HOUSTON – The rock-bottom mortgage rates that propped up the housing market during the downturn will hold it back in the years ahead, real estate economists say.
Mortgage rates will inevitably increase as the economy continues to recover and the Federal Reserve winds down a stimulus program that has kept rates artificially low, according to several economists who spoke on a panel on the future of the housing market at the National Association of Real Estate Editors’ (NAREE) spring conference.
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As that shift occurs, many homeowners who might consider selling their homes to buy new homes will choose to hold onto them in order to avoid trading in mortgages with historically low rates for loans with steeper ones, they said.
Almost half of all U.S. mortgages have rates of 4.5 percent or less — levels that buyers won’t enjoy in the future, according to Mark Fleming, chief economist at data aggregator CoreLogic.
“There’s a huge disincentive to … refinance, and also to sell at any point in the future,” Fleming said. “That’s bad news for real estate agents; that’s bad news for mortgage lenders” and “for anybody who participates in the turnover of housing.”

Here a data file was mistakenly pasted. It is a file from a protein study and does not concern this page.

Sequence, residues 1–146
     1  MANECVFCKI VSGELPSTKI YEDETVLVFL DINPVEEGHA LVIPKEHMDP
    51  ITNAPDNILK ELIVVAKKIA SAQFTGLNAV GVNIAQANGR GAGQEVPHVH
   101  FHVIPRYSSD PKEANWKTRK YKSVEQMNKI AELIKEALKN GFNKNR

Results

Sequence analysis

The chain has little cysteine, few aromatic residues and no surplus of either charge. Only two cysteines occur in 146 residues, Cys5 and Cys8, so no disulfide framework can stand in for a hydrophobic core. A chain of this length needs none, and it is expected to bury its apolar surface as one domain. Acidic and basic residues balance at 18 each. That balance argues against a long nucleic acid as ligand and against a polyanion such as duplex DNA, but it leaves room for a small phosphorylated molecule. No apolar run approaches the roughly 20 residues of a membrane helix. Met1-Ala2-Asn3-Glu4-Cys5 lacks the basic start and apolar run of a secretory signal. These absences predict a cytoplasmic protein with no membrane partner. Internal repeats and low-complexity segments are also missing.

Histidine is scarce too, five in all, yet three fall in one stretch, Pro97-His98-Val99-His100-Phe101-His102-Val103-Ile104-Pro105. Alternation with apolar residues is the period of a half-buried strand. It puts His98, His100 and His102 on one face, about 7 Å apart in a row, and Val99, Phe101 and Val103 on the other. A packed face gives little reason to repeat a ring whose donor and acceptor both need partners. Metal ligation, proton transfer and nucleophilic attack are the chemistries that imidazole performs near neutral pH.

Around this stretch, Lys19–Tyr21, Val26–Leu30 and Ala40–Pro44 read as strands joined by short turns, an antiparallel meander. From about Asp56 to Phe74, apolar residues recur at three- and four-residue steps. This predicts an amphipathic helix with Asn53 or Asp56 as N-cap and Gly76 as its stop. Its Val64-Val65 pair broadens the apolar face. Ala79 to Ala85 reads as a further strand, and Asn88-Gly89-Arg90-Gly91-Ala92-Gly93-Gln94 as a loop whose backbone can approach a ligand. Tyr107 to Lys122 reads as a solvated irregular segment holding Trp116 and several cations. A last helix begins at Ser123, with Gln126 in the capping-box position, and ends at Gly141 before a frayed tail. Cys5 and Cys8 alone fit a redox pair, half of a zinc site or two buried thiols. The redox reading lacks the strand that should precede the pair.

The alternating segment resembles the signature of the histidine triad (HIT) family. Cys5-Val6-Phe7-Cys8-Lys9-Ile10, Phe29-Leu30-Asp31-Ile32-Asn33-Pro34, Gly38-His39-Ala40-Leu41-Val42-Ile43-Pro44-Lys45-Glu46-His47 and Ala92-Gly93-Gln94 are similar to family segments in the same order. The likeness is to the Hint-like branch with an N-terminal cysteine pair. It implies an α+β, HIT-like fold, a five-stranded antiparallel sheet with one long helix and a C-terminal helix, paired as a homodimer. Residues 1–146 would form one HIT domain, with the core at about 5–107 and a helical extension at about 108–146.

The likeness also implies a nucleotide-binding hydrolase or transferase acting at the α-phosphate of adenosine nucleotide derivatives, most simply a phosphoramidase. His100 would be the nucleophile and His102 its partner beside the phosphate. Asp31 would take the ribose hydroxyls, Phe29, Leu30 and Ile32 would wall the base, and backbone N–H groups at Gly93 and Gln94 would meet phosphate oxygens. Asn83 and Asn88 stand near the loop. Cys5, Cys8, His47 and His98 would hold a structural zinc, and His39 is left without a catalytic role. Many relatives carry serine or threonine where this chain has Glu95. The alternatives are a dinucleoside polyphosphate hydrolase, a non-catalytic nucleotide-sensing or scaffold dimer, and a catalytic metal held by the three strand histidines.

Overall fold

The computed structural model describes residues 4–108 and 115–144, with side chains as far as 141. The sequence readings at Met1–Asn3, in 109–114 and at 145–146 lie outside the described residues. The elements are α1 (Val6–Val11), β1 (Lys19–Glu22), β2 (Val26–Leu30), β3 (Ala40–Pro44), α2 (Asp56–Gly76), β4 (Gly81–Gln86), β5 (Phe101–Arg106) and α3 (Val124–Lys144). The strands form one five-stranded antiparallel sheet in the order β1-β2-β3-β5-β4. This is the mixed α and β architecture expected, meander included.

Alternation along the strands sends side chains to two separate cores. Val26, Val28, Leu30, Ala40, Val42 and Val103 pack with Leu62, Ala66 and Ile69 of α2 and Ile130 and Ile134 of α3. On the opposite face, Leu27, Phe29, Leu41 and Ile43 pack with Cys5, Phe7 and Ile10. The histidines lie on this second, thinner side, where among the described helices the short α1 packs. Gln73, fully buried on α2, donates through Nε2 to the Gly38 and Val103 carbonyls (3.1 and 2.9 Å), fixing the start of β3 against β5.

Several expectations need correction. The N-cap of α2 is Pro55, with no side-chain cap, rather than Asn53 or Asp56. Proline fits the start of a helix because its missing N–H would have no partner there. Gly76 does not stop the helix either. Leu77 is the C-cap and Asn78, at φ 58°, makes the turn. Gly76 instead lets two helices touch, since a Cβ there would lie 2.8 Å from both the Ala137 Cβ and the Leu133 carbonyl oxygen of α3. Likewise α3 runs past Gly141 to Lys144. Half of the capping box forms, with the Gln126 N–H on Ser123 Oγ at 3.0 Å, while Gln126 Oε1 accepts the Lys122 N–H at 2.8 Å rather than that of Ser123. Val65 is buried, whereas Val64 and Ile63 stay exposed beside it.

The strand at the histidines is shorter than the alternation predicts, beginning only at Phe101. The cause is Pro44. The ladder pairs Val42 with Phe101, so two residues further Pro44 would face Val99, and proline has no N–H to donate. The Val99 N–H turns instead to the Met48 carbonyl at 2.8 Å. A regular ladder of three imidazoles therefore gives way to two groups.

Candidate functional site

Zillow Chief Economist Stan Humphries added, “As mortgage rates get higher over the next few years, this is going to have a chilling impact on existing-home sales.”
For more than four decades, Humphries said, mortgage rates decreased by an average of 4 percent every five years, consistently serving as a tailwind to home sales. In the last five years, they’ve dropped by about 10 percent.
“That was a huge boost to existing-home sales,” he told Inman News.
But what has been a steady tailwind to the housing market for more than a generation is about to become a headwind, according to Humphries.
If mortgage rates rise to 5 percent next year, the lock-in effect on buyers would push down home sales by 3 percent if all other forces affecting the market were held equal, Humphries said. And if they rise to 6 percent, the lock-in effect would drive sales down by 11 percent, according to the economist.
“There’s no free lunch,” Humphries said. “Payback is hell.”
Lawrence Yun, the National Association of Realtors’ chief economist, predicted that crisis-era mortgage rates will constrain inventory not only by keeping some homeowners in their homes, but by prompting many people who choose to move to hold onto their homes and rent them out rather than selling them.
That could lead to many “everyday folks becoming unplanned, accidental landlords in the future because they want to hold onto that 3.5 percent,” he said.